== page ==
Female Genital Mutilation

Female Genital Mutilation/Cutting

Patricia Tener

ITT Technical Institute

GE265, Ethics in Society – Test Out

Female Genital Mutilation - 25 November 2011


Genital mutilation, particularly female, is thought to be an atrocity against young children and adult women.   What are the ethical theories that abound in relation to the circumstance of female circumcision? What is the background of Female Genital Mutilation/Cutting (FGM/C)?   In order for an ethical theory to be useful, the theory must be directed towards a common set of goals. Ethical principles are the common goals that each theory tries to achieve in order to be successful. These goals include beneficence, least harm, non-maleficience, respect for autonomy and justice.   There are several ethical theories that can be applied to FGM/C; however, none are without fault.   The theories do bring significant characteristics to the decision-making process, however, how does one decide which ethical theory is the correct one to utilize in any given situation. The best way to do this is to combine a variety of theories in order to get the most ethically correct answer.   FGM/C is unethical in any sense and none of the ethical theories presented here make it ethical in any sense of the word.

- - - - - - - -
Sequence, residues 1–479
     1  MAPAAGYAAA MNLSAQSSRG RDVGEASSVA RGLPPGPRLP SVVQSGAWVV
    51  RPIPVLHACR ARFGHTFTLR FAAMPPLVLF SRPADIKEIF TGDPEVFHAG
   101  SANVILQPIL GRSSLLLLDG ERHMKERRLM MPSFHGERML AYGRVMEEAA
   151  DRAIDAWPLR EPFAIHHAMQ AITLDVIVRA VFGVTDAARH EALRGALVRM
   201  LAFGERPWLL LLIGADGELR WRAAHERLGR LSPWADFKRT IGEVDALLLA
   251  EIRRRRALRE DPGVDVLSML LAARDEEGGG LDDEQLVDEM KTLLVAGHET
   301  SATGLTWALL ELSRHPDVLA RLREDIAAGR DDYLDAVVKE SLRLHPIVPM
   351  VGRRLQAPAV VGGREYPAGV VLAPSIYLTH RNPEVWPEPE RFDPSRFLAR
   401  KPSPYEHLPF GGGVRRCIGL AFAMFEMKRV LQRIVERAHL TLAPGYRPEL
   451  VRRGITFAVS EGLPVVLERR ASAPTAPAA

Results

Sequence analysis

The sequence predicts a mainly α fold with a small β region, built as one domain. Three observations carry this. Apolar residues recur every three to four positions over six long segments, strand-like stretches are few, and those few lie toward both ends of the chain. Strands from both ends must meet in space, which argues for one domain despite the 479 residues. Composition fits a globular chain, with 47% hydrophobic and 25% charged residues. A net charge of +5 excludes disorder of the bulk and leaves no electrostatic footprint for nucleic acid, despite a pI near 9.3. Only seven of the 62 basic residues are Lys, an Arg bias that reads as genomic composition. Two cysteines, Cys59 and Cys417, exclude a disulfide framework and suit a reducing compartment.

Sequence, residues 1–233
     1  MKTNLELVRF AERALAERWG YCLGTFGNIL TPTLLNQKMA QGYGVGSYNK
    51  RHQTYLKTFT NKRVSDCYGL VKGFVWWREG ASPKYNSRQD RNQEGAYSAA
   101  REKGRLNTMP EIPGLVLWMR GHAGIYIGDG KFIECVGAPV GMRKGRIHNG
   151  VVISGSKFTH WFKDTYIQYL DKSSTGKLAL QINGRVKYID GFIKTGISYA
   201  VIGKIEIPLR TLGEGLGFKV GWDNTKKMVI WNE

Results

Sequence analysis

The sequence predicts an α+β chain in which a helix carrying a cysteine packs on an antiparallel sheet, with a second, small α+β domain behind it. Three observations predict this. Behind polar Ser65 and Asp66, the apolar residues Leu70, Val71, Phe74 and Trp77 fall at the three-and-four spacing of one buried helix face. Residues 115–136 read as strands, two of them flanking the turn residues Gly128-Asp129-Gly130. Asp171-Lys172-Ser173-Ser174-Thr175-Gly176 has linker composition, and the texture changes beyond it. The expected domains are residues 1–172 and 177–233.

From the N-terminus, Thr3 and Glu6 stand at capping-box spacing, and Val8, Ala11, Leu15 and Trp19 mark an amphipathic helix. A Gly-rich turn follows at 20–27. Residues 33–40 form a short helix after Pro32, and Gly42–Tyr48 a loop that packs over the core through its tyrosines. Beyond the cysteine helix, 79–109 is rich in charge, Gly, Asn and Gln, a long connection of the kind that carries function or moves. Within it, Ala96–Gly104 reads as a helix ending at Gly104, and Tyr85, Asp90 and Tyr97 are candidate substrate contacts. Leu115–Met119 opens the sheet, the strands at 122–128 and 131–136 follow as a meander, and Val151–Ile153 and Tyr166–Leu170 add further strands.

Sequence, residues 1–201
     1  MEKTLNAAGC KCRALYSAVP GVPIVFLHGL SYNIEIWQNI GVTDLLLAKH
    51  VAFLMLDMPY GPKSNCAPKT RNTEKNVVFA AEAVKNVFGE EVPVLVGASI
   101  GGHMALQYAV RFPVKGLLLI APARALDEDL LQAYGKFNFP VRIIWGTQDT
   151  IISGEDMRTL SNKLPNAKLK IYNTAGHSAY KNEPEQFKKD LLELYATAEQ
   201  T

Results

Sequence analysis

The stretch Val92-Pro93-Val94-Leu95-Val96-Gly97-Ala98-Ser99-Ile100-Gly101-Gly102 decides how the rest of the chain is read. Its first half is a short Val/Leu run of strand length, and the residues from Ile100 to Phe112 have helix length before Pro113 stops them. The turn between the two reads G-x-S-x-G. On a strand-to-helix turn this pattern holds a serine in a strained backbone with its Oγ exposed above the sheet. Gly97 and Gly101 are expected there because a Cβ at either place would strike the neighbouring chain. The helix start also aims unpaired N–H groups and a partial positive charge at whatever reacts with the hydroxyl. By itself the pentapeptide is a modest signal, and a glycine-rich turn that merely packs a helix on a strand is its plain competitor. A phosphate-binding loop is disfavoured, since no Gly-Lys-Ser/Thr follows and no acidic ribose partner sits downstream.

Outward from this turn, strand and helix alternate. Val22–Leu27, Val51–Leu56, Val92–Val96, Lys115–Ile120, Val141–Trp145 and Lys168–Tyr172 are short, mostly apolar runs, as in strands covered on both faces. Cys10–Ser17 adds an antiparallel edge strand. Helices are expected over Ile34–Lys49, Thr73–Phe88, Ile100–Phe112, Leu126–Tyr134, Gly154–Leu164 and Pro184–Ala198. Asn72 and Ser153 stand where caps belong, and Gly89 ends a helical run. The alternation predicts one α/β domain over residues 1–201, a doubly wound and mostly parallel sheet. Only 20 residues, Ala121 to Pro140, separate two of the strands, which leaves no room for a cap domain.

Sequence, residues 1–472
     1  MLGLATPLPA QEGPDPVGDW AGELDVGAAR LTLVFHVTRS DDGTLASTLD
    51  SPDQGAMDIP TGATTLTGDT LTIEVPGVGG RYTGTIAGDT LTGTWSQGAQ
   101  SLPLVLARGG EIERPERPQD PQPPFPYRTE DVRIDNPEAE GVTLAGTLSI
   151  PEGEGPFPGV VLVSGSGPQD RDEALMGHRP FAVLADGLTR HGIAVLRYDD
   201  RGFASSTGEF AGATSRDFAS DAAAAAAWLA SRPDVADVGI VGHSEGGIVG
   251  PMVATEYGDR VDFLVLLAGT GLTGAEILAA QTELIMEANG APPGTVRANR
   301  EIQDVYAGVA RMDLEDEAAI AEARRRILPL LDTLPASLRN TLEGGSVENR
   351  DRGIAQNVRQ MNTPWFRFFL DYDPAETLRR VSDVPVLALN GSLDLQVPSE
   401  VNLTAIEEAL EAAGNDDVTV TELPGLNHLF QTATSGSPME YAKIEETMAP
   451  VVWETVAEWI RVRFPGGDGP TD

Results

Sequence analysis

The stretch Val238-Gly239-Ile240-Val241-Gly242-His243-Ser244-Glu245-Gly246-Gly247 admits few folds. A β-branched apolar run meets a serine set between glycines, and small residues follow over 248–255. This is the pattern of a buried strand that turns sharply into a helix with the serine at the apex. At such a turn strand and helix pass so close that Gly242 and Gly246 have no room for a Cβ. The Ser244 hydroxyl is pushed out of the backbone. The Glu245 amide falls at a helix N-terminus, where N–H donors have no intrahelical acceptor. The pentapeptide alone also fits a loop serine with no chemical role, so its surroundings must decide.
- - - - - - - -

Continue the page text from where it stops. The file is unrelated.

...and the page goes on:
Female circumcision has been defined by the World Health Organization (WHO) as follows:   Female Genital Mutilation comprises all procedures that involve partial or total removal of female external genitalia and/or injury to the female genital organs for cultural or any other non-therapeutic reason. (Female Genital Mutilation, 1996)
This description or more specifically use of the word “mutilation” in itself has caused problems because this description may be ethically inappropriate.   Descriptively, the word “mutilation” may be exaggerated, because it fails to distinguish between the four types of genital cutting recognized by the WHO.   Evaluatively, the name is not a neutral description but a severely...